In an age where sensor resolution is getting higher and higher, those MB, GB, and TB on your computers at home are simply not getting you where they used to. The saying ‘Storage is Cheap’ is true, but only to a point, and a frugal photographer should always be looking for ways to cut back on the amount of storage space they need to store their images – both at home and on the web. The solution for this, at least when it comes to JPEG files, is JPEGMini – or at least that is what they claim it to be.

JPEGMini has been around for some time now, but as you would expect, many photographers are skeptical of any compression system that could possibly have a negative impact on quality or appearance of their images in print or digital. I was skeptical, so when they offered to let me test drive their Pro version while we met with them at Photo Plus, I took them up on it. Today it is time to share my thoughts on this software for you. Continue reading…

The Basics of Photography: J for JPEG


Today, we continue our series covering the Basics of Photography with the letter J, and which subject would be more fitting than everyone’s favorite file format, JPEG. The file format which is commonplace in digital cameras, on the internet and in image editing software is used by millions of people around the world each day. But as with so many things that we use on a daily basis, we often know little about them. In this article, we’re going to talk about what JPEG actually is, how it works, and when and when not to use the format.

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JPEG Standard Receives Update, Now Supports up to 12-Bit Color Depth


The Independent JPEG Group at the Leipzig Institute for Applied Informatics, which is responsible for defining the JPEG standard, has just released version 9.1 of the ‘libjpeg’ library. The updated software library now supports color depths of up to 12-bit for JPEG images, although these will probably not be supported by most mainstream softwares or camera makers any time soon. However, the press release states that the update may prove useful for professional applications such as printing or output on displays or projectors with a wide color gamut.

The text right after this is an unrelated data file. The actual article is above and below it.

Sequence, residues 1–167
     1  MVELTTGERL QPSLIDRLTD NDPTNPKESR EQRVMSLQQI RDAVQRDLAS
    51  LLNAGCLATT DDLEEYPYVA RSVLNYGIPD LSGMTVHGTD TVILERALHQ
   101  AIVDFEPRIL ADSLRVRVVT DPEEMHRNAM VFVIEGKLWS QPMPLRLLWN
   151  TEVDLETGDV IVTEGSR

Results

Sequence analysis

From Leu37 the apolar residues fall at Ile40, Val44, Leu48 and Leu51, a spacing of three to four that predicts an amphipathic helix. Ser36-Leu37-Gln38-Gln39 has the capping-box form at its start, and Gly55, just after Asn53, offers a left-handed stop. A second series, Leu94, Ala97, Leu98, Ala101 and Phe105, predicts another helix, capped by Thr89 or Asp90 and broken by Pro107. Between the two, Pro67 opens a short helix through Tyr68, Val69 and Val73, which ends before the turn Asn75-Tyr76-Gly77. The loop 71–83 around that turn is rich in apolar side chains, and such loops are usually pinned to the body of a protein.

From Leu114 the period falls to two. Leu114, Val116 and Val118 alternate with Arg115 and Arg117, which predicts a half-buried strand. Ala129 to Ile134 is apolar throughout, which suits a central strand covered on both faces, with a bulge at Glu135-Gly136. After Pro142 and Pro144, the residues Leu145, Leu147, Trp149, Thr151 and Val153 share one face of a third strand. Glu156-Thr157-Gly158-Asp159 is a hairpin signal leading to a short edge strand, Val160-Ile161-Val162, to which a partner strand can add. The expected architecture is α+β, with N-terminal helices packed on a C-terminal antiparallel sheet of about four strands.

Additionally, the latest version of libjpeg supports new scaling functions as well as new compression options, including completely lossless compression. This part is especially interesting for photographers, as it means that the JPEG file format can now be used as an alternative to both raw and TIFF files for archiving images. For future versions of libjpeg, the IJG promises the support of HDR, though the press release does not mention anything specifically.

It’s good to see that the JPEG standard, which was first introduced 23 years ago in 1991, is still being updated continuously, despite its age. Considering that the file format is used in so many applications, photographic and otherwise, it’s safe to assume that the standard will remain relevant for a long time.

Via photoscala

JPEGmini, the Tool That Shrinks Your JPEGs, Is Now Available for Windows

JPEGmini website screenshot

JPEGmini has been around for a while now, as a web-interface as well as a standalone app for Mac OS. The clever software that shrinks your JPEG files up to five times from their original size without compromising image quality ist now available as a standalone app for Windows as well. The great thing about JPEGmini is that it creates 100% compatible JPEG files, but uses a special compression algorithm to reduce file size even further, without degrading perceptional image quality. We’re not sure what wizardry they’re using, but you can learn more about it on their website.

JPEGmini can be purchased for US-$ 19.99 via the JPEGmini website or from B&H Photo.

Via SLR lounge